Commodities & Metals

Is Gold Fields Too Good to Be True?

Gold Fields Ltd. (NYSE: GFI) continues to benefit from record gold prices, reporting a sequential 15% gain in second-quarter profits. Although the South Africa-based gold producer is diversifying its geographic footprint, future profitability and cash flow generation remain highly sensitive to commodity trading prices of bullion, given continued dependence on high-cost domestic mines for production volumes.

The world’s fourth-largest gold producer posted net earnings for the June quarter of $186 million, against $158 million in the March quarter. Cash-operating cost increases of 6% (to $816 per ounce) were offset by gains in production and gold prices of 5% (to 872,000 ounces) and 7.7% (to $1,496 per ounce).

Gold Fields has quality gold reserves of some 77 million equivalent ounces, with eight operating mines in Ghana, Australia, Peru and South Africa capable of pumping out about 3.6 million ounces in annual production.

Though the company has a diverse global growth pipeline, with four major projects in resource development, plans to grow annual production to 5 million ounces by 2015 are underpinned on expanding base load capacity in South Africa, home to its biggest and longer-lived mines. The KDC, Beatrix and South Deep complexes — average mine lives of 18, 13 and 42 years, compared with 5.5 years in Australia or 15 years in Peru — produced in the aggregate 446.6 million ounces of gold, or 51.2% of total processed output in the quarter ended June 30.

Operating Costs Are Rising in Largest Production Areas

However, the richest of these shafts are aging, with some veins from KDC 50 to 75 years old! Ramping up production at these world-class mines requires the miners to dig deeper — more than two miles down in many places — to find more gold. Consequently, total notional costs (extraction, general and administrative and capital expenditures) are rising. Weighted-average total costs at the South African operations have increased to $1,401 per ounce, double the cost of two years ago.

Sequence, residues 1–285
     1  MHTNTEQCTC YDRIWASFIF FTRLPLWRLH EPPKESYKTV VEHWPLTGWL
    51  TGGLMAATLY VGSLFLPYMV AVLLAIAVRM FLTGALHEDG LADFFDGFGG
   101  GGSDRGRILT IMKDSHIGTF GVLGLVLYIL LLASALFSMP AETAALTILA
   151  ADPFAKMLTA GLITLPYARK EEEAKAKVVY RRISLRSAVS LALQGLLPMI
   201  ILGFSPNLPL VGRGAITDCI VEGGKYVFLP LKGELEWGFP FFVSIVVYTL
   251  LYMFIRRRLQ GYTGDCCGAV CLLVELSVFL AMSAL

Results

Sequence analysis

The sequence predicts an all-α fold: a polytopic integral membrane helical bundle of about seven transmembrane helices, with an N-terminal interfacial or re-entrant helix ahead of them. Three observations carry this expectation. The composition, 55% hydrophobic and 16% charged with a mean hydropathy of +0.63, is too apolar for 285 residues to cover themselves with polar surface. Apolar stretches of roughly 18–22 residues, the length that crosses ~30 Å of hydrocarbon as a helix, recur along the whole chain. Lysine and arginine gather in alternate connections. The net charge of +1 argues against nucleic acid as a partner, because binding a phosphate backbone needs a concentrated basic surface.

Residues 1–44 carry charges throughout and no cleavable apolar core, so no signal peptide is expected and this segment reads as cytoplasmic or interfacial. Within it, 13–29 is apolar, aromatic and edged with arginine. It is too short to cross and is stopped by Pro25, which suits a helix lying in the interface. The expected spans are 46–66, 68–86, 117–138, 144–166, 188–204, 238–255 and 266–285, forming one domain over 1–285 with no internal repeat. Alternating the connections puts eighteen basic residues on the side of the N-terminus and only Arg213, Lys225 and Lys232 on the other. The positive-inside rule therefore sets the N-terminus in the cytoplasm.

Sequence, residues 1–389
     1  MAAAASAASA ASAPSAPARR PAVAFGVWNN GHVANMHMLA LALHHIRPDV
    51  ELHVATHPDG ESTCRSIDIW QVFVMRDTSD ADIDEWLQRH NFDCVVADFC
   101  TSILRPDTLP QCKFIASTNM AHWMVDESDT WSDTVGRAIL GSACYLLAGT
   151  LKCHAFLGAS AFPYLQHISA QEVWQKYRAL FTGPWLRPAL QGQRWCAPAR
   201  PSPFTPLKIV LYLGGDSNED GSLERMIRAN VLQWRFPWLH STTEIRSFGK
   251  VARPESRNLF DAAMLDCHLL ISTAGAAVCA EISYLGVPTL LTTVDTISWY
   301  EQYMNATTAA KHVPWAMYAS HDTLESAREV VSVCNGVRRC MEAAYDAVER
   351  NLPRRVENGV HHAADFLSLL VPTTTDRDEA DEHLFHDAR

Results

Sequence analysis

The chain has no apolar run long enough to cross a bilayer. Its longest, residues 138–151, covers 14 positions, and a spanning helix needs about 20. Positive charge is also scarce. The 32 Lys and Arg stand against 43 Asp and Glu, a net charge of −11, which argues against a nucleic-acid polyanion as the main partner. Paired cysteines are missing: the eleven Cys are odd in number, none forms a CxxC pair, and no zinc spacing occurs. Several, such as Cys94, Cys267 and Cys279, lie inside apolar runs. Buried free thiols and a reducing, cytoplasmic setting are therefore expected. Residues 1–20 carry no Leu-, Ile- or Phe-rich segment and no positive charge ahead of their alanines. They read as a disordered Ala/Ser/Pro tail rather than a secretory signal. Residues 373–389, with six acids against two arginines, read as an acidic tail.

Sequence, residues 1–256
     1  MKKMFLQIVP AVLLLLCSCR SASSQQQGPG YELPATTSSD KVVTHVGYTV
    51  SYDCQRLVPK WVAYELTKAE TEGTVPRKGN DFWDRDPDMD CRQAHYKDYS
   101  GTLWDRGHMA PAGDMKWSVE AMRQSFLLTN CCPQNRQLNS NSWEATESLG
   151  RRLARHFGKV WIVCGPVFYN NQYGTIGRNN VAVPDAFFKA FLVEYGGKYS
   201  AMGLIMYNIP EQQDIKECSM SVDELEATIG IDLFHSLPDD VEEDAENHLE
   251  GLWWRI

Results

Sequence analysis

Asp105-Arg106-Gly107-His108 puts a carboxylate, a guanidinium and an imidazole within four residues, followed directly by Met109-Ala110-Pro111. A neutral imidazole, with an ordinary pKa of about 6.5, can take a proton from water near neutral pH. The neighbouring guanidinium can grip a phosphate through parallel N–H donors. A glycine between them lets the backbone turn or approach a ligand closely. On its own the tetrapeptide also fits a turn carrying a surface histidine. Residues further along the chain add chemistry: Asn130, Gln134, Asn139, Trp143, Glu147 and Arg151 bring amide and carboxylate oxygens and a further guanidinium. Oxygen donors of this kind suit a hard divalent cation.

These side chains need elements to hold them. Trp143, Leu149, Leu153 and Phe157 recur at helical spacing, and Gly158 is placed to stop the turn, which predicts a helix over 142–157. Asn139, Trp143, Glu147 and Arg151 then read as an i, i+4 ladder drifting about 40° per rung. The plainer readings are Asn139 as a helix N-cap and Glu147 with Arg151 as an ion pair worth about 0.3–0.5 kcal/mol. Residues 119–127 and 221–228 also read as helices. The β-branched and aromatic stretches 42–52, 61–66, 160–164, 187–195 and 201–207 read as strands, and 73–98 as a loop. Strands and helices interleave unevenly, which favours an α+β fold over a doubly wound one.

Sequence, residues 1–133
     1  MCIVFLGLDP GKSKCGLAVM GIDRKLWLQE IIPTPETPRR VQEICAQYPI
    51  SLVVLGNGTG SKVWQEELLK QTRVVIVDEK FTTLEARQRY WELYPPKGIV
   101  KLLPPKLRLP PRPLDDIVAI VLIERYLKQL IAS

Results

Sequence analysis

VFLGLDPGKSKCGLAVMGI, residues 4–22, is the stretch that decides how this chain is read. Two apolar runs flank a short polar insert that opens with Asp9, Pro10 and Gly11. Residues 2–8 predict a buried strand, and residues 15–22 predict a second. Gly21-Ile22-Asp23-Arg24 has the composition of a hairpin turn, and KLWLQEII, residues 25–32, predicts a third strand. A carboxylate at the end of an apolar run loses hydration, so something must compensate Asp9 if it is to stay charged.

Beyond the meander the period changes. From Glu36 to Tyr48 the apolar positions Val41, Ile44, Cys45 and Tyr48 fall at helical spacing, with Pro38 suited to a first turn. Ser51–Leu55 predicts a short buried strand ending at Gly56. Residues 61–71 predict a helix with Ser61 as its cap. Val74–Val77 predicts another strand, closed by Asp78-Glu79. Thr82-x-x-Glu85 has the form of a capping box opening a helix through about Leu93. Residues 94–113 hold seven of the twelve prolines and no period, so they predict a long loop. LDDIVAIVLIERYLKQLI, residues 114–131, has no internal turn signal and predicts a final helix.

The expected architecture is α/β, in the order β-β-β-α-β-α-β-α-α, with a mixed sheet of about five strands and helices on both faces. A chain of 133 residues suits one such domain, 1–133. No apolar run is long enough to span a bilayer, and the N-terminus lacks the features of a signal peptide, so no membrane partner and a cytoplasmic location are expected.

Increasing transport distance costs are being compounded by rising energy costs. Electricity costs as a portion of Gold Fields’ total operating costs are expected to rise from 12% to an estimated 20% in the next few years, due to power tariff increases (averaging 25%) granted last fall to utility companies.

Labor-related costs could continue to pressure margins too. A recently settled miners’ strike in South Africa will see wages climb from 7.5% to 10% in the next two years.

Additionally, Gold Fields could see employee-related costs skyrocket due to a little publicized ruling by the high court last spring. In March 2011, the South African Constitutional Court ruled that legislation that limited employees’ rights to claim compensation for certain diseases, including miners’ lung disease (silicosis), were unconstitutional. The company is among South African producers now threatened with costly court battles as rights groups enlist thousands of former miners with work-related lung disease for a class-action suit. According to recent regulatory filings, the company said it was “assessing the potential effect of a claim.” To date, however, no litigation reserves have been set aside for potential losses.